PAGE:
green tea. Traditionally used in Japanese tea ceremonies, matcha is fine in small
amounts (1 cup a day) and is appealing for its beautiful green color.
How to eat it: As tea (1 teaspoon matcha with 1/3
cup hot, not boiling, water) or blend small amounts into lattes or smoothies. Limit
daily intake to one serving, perhaps with a pinch of sugar. Experts say matcha should
be prepared and consumed almost meditatively, which may have additional relaxation
7. Sea vegetables
What they say: treat yeast infections, assist weight
loss, relieve arthritis, prevent cancer, regulate estrogen, detoxify
What we know: Edible sea vegetables and seaweeds
are from the algae family. They include dulse (Palmaria palmata), kelp
(Laminaria), wakame (Undaria pinnatifida) and the favorite: nori
(Porphyra tenera) which is used to wrap sushi. Sea vegetables are packed
with vitamins (C, B2, A) fiber, manganese and protein, and have so much iodine that
it’s easy to get too much. They also contain sulfated polysaccharides or fucoidans,
phytonutrients with anti-inflammatory, anti-viral and cardiovascular benefits. Anti-cancer
effects look promising, especially for post-menopausal breast cancer, but need more
What to expect: Dried sea vegetables and products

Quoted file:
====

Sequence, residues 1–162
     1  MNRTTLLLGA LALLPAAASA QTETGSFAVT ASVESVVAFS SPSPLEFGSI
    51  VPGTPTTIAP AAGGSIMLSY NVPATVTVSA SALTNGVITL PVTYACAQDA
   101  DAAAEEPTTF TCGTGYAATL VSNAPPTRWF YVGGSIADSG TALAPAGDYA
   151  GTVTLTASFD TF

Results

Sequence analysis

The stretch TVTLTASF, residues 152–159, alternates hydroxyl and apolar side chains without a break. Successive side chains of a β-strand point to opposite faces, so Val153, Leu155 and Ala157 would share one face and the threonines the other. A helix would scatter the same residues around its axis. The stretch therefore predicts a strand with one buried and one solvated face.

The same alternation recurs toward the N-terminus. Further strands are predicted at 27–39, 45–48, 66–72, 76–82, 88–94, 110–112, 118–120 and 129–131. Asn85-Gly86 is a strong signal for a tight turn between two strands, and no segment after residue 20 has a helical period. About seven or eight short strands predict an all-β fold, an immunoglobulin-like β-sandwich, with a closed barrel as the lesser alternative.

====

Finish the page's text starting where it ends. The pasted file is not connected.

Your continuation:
retain their nutrition content with only about 50 calories for two servings. Sea
vegetable fiber may help with digestion and reduce fat absorption. Sea vegetables
also have lots of calcium and a good supply of omega-3s, especially for vegetarians.
How to eat them: Wrap sushi and sandwich foods, and
eat alone as snacks to satisfy a salty craving. Soak them and add to salads, soup
and vegetable dishes. Limit intake to one ounce per day so you don’t get too much
At Women’s Health Network, we love trying trendy health foods — as long as they
live up to their claims. We like being able to experiment with unusual ingredients
and bring new dishes to the dinner table. Some health food trends will thrill your
taste buds more than others so give them all a try!
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https://www.ncbi.nlm.nih.gov/pubmed/23847105 Accessed 9.29.16.
Hanai H, Iida T, Takeuchi K, Watanabe F, Maruyama Y, Andoh A, et al. Curcumin maintenance
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He Y, Yue Y, Zheng X, Zhang K, Chen S, Du Z. Curcumin, Inflammation, and Chronic
Diseases: How Are They Linked? Molecules 2015, 20, 9183-9213.
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A case of Kombucha tea toxicity. https://www.ncbi.nlm.nih.gov/pubmed/19460826 Accessed
Cumashi A, Ushakova NA, Preobrazhenskaya ME et al. A comparative study of the anti-inflammatory,
anticoagulant, antiangiogenic, and antiadhesive activities of nine different fucoidans
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Teas J, Vena, D, Cone L, Irhimeh M. The consumption of seaweed as a protective factor